One of my last projects before joining College for America at Southern New Hampshire University involved analyzing the tech startups that are flourishing in Brooklyn, New York. The key questions I looked to answer were what kind of employees were these companies looking for, and what kind of education and experience did they need?
The logical assumption would have been that these companies were turning to local colleges and universities for great employees. Instead, when asking where they were finding their new talent, the nearly unanimous answer I received: Rochester Institute of Technology (RIT). As in the city of Rochester, New York that is more than a subway ride away from Brooklyn.
The obvious question followed. Why there? It is not that there aren't enough institutions of higher learning in the 333 miles between the two cities.
This answer raised a bigger question: Why is it that the many institutions of higher learning between Brooklyn and Rochester were not perceived by these innovative companies to be preparing their students in a way that made them desirable to new employers?
Obviously my rhetorical question is not intended to dismiss centuries of higher learning or the quality of New York's esteemed higher education institutions. Indeed, there are reams of surveys that say a college education is worth hundreds of thousands of dollars in income over a graduate's lifetime. But increasingly, employers are expressing frustration that the college students who come to them might be well educated but don't have the skills and experience needed to be productive, ranging from the technical knowhow to run today's sophisticated machinery to the collaborative problem solving and communication skills demanded of today's management.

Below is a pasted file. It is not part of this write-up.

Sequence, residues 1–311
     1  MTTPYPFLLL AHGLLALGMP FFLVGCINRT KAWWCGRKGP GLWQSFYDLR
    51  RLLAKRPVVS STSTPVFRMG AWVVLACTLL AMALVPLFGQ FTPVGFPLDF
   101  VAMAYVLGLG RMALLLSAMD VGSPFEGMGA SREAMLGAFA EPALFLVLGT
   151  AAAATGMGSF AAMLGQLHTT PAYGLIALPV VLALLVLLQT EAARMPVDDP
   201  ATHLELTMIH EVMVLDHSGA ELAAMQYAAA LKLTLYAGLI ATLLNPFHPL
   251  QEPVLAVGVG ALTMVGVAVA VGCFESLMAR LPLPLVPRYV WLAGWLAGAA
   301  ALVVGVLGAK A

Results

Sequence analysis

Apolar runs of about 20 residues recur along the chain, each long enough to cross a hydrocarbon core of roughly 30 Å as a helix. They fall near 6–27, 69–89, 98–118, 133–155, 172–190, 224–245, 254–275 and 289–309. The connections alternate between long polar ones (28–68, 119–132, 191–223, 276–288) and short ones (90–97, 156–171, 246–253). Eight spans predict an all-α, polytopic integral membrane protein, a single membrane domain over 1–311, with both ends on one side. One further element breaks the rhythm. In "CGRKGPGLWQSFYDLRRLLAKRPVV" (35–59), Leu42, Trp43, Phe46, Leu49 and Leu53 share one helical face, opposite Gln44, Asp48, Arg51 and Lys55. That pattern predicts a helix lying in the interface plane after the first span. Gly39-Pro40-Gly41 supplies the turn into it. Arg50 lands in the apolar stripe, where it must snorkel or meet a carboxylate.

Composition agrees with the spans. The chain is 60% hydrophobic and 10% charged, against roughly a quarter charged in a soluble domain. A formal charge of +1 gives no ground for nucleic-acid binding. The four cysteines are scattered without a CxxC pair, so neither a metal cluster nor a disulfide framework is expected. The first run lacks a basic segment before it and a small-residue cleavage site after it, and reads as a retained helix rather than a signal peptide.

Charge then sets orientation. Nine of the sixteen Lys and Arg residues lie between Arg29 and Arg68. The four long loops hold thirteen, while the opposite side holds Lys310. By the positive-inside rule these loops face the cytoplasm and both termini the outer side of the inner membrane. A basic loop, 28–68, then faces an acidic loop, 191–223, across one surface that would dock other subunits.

But preparing students for the workplace has never been the purpose of America's higher education providers, especially those that consider themselves research institutions. It is perhaps then not such a surprise that universities designed to produce an "educated" adult who is grounded in culture and trained to think are not simultaneously producing a "work-ready" adult. Blaming a system for not delivering experience when it was never designed to do that, and frankly doesn't know how, is self-defeating.
The reality today is that sustaining that dichotomy--developing either worldly-educated or work-ready adults is neither what employers are looking for nor is it academically sustainable. RIT offers one possible way out--an educational model that makes the employer-school relationship a part of that mind-shaping process. But it is hardly the only one. For example, College for America--my employer--offers another method, based on competency-based education. And there are others beside.
No matter the model, this cannot happen without employers. And certainly won't happen if companies just wait for educators to come calling. Higher education offers a resource companies have to decide is strategically worth working with. It will not be easy, but the Brooklyn-RIT experience shows that if companies pay more than lip service to the idea of college-to-work education, there is a huge return on their investment waiting.
Equally, conventional higher education needs to be willing to embrace this new purpose, understanding that, by eschewing experience in the name of pure intellectual learning, colleges are requiring someone else to teach workforce readiness. The inevitable result will be the draining of institution-sustaining enrollments.
So what is the point of education? It can no longer be an either/or question--learning versus experience. The reality is we need both to ensure we have the workforce we need for the next century and the citizens ready to make the most of it.